The Bella Vista stretch of the Gallegos is strictly catch and release so, with one last admiring look, I carefully began to revive her. Within moments she had gathered strength and as a final farewell, smashed the water with a spade-like tail, drenching my wading jacket. I did not have a camera with me to record the moment and in a way I am glad as that fish will remain an indelible picture upon my hard drive forever more.
Meeting back at the trucks, the other guys did not even have to ask how I had got on, my Cheshire Cat grin indicating that I had just experienced the triumphant thrill which every visiting angler to this region seeks. The really amazing thing is that this fish is pretty average with fish in the high teens a regular occurrence and during the 2000/2001 season more twenties than ever before fell to Bella Vista rods. In fact fish to 28lbs have been landed on the Rio Gallegos system and it is quite possible that one day it may produce the world record. So just how did these mutant sea-trout come into being? Well, therein lies a story.
South America, and Argentina in particular, is well known for its sheep farming, the area surrounding Rio Gallegos being a fine example. It was one of the forward thinking sheep farmers who decided during the 1920s and 30s to begin stocking trout eggs imported from non other than the river Thames and Loch Leven. The idea was, no doubt, to create a source of leisure (I am not sure what you would do in this area if you did not go fishing!) and quite possibly another source of food other than endless lamb steaks. The experiment seemed to fail as little result was achieved in those early years after the initial stocking. All remained quiet until in the 1960s mother nature reared her head. Suddenly reports filtered through that 'Salmon' were in the Rio Gallegos Estuary. In fact they were sea-trout, a direct result of some genetic spark laying deep within each egg stocked previously.
There are many theories as to how and why this incredible phenomenon took place but what cannot be disputed is that when these fish finally found themselves in the South Atlantic, they had discovered "Protein Paradise". Feeding on an endless supply of Krill these first pieces of the Gallegos jigsaw began to pack on weight at astonishing speed. As an example a documented fish of 23lbs caught in March 2000 smolted at a length of 20cm in it's third year. By year 8 it was caught while returning to spawn having racked up another 71cm. Using the old scale this fish measured 36 inches long and 21 inches around the girth. It had already spawned at least twice ! (Evidence gained through scale readings by Dr Andy Walker of the Freshwater Fisheries Laboratory in Pitlochry.)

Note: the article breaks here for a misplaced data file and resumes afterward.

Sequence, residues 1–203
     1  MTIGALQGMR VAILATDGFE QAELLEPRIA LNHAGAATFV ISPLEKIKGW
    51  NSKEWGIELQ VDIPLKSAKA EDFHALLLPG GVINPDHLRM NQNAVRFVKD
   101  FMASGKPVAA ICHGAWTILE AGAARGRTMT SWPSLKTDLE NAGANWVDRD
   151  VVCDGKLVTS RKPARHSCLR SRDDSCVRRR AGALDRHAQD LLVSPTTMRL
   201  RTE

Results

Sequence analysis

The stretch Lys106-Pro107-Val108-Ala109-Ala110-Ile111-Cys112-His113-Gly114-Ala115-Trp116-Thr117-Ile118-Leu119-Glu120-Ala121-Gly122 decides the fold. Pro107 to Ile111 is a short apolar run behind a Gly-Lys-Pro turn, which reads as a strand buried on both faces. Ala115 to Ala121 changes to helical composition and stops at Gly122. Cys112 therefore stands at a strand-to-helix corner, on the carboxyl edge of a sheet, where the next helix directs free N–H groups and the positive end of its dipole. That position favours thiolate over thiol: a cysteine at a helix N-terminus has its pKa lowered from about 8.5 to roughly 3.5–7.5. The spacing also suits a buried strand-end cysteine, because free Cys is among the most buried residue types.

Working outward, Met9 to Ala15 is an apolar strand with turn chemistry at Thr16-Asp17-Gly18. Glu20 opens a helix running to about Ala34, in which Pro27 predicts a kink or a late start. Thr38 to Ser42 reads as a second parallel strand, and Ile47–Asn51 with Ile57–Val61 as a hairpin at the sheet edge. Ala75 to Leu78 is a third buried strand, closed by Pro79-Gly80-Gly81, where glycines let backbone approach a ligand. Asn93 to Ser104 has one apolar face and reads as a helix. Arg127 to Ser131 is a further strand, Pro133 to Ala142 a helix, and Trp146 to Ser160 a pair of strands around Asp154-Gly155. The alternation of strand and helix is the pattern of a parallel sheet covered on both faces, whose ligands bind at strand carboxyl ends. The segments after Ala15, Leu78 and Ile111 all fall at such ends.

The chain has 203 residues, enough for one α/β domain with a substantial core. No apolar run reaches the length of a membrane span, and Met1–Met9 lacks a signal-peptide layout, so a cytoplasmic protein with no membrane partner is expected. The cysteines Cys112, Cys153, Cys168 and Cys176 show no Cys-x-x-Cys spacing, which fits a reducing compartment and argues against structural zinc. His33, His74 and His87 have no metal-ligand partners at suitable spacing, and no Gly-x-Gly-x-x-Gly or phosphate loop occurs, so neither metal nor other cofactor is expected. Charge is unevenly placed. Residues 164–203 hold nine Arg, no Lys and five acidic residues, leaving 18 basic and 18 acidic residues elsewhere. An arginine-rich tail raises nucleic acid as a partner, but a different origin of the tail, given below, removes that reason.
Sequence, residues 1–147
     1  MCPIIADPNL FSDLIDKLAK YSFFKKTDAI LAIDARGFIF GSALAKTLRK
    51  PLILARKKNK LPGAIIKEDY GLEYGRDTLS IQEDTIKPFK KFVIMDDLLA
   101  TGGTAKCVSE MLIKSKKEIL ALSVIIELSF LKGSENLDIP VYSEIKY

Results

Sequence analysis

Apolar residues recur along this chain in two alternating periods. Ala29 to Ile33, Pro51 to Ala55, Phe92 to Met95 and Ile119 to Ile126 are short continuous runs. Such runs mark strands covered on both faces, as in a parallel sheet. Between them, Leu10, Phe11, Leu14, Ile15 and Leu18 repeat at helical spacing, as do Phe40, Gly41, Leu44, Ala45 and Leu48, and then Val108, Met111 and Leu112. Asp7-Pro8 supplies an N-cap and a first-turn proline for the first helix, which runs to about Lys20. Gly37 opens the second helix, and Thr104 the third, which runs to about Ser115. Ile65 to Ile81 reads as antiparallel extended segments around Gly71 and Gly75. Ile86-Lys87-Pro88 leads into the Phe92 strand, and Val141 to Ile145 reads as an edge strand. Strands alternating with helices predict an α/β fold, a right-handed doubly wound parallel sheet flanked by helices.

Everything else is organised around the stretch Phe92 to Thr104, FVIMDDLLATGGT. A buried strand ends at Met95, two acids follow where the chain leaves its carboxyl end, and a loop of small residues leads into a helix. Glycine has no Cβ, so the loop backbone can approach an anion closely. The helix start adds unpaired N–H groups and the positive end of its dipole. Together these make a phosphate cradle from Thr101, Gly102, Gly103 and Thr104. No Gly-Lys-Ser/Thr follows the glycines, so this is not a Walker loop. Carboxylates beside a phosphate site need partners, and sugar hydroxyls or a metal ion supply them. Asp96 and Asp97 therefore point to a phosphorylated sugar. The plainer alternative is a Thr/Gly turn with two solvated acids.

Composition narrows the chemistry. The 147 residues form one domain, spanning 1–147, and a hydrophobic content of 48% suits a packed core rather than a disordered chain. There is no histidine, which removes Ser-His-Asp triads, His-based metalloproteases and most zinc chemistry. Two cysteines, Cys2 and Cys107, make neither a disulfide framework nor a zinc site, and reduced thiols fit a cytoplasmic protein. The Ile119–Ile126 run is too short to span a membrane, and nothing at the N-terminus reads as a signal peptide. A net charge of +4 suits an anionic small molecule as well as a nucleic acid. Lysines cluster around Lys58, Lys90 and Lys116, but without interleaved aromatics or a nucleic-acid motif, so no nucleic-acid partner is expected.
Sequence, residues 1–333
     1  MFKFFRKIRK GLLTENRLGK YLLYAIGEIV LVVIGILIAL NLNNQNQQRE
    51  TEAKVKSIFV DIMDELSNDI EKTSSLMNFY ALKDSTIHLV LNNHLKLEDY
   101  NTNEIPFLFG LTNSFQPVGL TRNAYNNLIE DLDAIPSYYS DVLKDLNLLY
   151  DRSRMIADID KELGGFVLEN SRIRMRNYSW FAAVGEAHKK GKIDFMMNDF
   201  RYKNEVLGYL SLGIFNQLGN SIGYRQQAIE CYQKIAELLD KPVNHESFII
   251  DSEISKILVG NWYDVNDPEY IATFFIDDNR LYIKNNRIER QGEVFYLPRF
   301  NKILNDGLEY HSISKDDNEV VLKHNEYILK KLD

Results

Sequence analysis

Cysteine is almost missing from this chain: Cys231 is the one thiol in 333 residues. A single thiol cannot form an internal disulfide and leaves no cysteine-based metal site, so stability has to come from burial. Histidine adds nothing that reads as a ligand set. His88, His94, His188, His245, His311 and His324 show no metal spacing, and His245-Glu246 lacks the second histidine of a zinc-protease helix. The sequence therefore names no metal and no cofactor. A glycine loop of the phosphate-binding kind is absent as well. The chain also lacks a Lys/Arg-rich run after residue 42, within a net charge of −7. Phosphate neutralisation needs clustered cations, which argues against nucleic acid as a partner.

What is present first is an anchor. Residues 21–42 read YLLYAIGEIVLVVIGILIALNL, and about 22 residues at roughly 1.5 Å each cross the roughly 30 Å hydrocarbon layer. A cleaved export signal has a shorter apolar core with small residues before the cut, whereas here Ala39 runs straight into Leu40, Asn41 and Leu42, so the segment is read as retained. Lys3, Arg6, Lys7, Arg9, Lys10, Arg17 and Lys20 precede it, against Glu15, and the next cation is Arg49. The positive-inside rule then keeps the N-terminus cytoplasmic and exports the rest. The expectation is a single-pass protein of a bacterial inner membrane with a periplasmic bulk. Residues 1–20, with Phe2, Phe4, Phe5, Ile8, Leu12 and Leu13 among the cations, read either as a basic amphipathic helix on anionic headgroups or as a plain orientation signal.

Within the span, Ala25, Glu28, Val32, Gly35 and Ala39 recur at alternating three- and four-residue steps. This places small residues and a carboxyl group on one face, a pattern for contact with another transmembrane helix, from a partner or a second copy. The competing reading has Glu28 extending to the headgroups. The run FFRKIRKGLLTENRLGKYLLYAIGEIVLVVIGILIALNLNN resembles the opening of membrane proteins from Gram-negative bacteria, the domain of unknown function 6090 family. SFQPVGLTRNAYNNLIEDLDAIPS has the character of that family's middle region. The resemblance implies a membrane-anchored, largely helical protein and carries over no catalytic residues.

But it is not the food alone which aids these fish in their continued existence. The Rio Gallegos provides perfect spawning beds through small pea shingle pebbles, while the lack of large rocks means there are few obstacles to the Sea Trout migrating upstream. Couple this with the almost constant 50mph winds which provide highly oxygenated water and a short fishing season of only 5 months and you have the perfect medium to produce the kind of rod busting specimens encountered. With the aid of good fishery management these incredible creatures are here to stay.
As a final twist to the whole Gallegos saga you may remember that earlier in the article there was mention of the Thames and Loch Leven. To this day it is still possible to recognise direct descendants from each batch of eggs, the Thames Trout showing a distinct pattern of well spaced spots while their Leven cousins are cloaked in a much heavier camouflage. With this image, I will leave you to imagine one of these remarkable fish giving your tackle a serious work out. Next time I will detail the equipment required to target a specimen South American sea-trout while documenting the capture of the biggest specimen I have guided to date.
Nick Hart Fly Fishing